Ada the Language: Alive and in Flight

Today is Ada Lovelace Day, so there’s no better time than the present to talk about the programming language named after her. Everyone sort of knows that there was a programming language named after Ada, who developed the first known computational algorithm for a machine. What most don’t know: What Ada, Countess of Lovelace, was to abstract big thinking, the Ada language is to big doing. Presumed dead by many, Ada is still the go-to language for many applications — including the Boeing 787 and Airbus 380.

The most expensive, extensive code project ever

Ada was designed in the mid-1970’s for the Department of Defense, by four different teams of contractors whose proposals were winnowed down to one specification over two years, it was to be the standard language of the US military, which at the time wallowed in at least 450 languages. Many of them were tied to one hardware architecture, and few were amenable to the sort of modular programming needed to build scalable, reliable systems for life-and-death applications, such as airplane control systems.

Ada was intended from the start for use in very large, long-lived systems, many of which are built around “embedded” computers such as those in satellites and military gear. A top goal was to reduce the likelihood of programmer errors. Another was to minimize the likelihood that a program would fail unexpectedly. Robust exception handling and run-time error checking served those goals.


Ada source code. This simple function creates an array of arrays.

Strong typing was a must, but Ada also incorporated several computing approaches that were then only emerging:

  • Object-oriented programming, at the time a new approach to create abstract objects and methods, rather than directly manipulating memory structures.
  • Concurrent programming, which let a computer run multiple, independent tasks at once.
  • Real-time programming, for software which can keep up with what’s happening right this second (or microsecond) in the real world.
  • Systems programming, which lets programmers operate close to the hardware in use, rather than having it abstracted away.
  • High integrity systems. Ada was to be used for American military and intelligence systems. Data loaded for one purpose couldn’t be covertly accessed for another.

The initial Ada specification was delivered in 1980, and became an ANSI standard in 1983. Government moves slowly, though, so it wasn’t until 1991 that Congress’ Ada and Its Integration Mandate declared that nearly all government systems would be coded in Ada, which was updated in 1995 to be the first object-oriented language standardized under the International Organization for Standardization, or ISO.

Jean Ichbiah, Ada architect


Jean Ichbiah, Ada’s inventor and lead architect.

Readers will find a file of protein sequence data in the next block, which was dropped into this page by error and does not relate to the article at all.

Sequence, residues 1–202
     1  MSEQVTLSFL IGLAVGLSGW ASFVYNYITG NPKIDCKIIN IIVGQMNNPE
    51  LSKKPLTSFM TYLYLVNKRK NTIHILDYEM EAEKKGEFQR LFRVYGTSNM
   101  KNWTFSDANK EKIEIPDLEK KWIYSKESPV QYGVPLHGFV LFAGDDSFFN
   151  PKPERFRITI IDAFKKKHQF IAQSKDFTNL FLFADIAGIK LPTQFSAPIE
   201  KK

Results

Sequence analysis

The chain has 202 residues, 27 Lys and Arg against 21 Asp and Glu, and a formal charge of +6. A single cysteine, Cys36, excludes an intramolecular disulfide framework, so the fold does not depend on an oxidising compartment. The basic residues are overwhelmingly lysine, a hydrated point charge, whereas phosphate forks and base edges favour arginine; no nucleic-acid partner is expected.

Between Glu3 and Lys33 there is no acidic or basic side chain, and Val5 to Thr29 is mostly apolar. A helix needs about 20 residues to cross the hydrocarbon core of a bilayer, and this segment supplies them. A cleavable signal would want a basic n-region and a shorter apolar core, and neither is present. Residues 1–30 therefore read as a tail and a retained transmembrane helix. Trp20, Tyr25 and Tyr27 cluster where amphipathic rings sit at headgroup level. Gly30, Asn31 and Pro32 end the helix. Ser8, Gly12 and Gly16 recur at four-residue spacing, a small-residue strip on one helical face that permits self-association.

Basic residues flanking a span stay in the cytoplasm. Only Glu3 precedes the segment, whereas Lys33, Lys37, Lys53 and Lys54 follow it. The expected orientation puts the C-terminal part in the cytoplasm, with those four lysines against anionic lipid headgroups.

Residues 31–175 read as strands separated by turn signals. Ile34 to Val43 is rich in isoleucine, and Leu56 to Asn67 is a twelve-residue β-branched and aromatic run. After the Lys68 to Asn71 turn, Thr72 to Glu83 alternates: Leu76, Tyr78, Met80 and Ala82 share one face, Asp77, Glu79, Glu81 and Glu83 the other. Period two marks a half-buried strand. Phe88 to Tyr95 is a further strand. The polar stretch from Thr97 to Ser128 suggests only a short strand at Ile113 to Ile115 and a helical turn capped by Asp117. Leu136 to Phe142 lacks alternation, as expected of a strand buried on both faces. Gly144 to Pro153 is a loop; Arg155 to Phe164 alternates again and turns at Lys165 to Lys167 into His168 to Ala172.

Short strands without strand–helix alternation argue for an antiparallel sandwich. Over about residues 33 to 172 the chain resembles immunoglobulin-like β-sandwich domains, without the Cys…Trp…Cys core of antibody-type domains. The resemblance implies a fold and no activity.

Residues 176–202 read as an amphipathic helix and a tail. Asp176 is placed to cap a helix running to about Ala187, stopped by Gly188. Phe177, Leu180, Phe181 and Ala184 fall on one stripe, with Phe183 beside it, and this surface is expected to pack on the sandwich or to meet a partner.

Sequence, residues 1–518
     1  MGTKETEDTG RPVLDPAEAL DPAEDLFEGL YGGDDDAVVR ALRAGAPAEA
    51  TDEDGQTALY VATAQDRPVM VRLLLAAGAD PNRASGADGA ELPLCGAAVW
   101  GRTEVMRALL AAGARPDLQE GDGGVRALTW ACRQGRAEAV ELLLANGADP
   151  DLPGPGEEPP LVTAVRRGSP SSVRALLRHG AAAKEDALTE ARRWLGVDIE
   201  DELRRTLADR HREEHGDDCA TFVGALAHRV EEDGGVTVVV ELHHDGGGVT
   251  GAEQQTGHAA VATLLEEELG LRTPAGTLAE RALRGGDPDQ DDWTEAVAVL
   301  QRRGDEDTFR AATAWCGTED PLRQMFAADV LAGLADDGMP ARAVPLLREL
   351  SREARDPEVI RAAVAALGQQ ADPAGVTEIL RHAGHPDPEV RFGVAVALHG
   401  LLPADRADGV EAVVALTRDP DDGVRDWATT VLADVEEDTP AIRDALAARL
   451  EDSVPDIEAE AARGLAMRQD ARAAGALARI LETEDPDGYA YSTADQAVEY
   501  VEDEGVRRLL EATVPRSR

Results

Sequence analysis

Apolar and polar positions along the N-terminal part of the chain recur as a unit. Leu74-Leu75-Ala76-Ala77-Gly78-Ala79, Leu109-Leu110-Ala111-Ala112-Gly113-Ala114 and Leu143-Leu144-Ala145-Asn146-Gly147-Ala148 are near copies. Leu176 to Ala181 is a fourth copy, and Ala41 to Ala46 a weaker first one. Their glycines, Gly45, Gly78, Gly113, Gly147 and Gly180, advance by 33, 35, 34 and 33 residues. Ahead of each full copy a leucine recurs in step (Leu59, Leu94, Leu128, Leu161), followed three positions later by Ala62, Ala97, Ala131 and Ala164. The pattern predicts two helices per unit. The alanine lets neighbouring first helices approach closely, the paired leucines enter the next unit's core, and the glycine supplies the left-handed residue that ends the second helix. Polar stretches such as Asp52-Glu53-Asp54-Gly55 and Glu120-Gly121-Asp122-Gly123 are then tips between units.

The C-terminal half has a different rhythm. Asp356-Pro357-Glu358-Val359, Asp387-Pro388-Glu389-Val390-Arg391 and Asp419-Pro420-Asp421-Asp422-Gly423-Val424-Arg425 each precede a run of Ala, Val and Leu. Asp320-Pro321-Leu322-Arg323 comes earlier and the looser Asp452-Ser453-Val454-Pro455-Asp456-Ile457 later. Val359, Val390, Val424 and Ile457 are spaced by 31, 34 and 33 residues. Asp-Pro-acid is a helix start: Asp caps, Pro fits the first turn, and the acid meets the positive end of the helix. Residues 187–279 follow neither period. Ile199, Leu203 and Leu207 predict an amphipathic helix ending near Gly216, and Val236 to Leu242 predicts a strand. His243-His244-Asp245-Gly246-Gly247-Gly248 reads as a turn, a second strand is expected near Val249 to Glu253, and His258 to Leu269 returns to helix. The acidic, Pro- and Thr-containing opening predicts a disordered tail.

Claims that Ada was designed by committee underestimate the role of French computer scientist Jean Ichbiah, a Honeywell employee whose Green language, one of the four candidates, was chosen as the basis for Ada. Ichbiah led Ada’s design until it was finished in 1980, then founded his own company to continue Ada standardization and build compilers. Later, he invented the FITALY keyboard layout optimized for stylus input on tablets and PDAs.  Ichbiah passed away in 2007.

What happened to the “Ada mandate”?

Even as the government standardized on Ada, mass-market computers and software were beginning to replace — actually, to overrun specialized systems. Why use a $50,000 computer when a PC from the mall could do the job, one which nearly all developers were familiar? The Department of Defense, seeing the opportunity to spend less and have fewer arcane systems, abandoned the Ada Mandate in 1997 and began to look to what were then called “commercial off-the-shelf systems.” These cheaper, more widely known systems had better support for C and Java than for Ada, which was seen as a niche opportunity by tech vendors.

Ada today: Going to the moon

Lunar IceCube

The Lunar IceCube, a “pathfinder experiment” for NASA’s future small planetary missions, runs JavaScript. Haha no, it’s being programmed in SPARK, which is based on Ada.

Ada is still in use today. The language spec has been updated and modernized several times, most recently in 2012. It’s deemed a must in many defense-related systems where reliability and safety are critical, or where thousands of programmers may work on a single code base. Much of it isn’t discussed on Reddit’s Ada subreddit, though, because many Ada programmers are sworn to government secrecy for security. They literally can’t tell you what they’re working on. There are

NASA’s CubeSat project launched a dozen satellites built at universities into orbit in 2013. Carl Brandon, a physics professor at Vermont Tech, says, “The Vermont CubeSat is the only university CubeSat that successfully completed its mission: eight were never heard from, one fried its batteries the first day (software error), one worked a little for less than a week, and one for four months.” Vermont Tech had used SPARK, a language based on the Ada spec, for their flight software. Their Lunar IceCube, scheduled for launch in 2018 to search for ice on the Moon, is likewise being programmed in SPARK.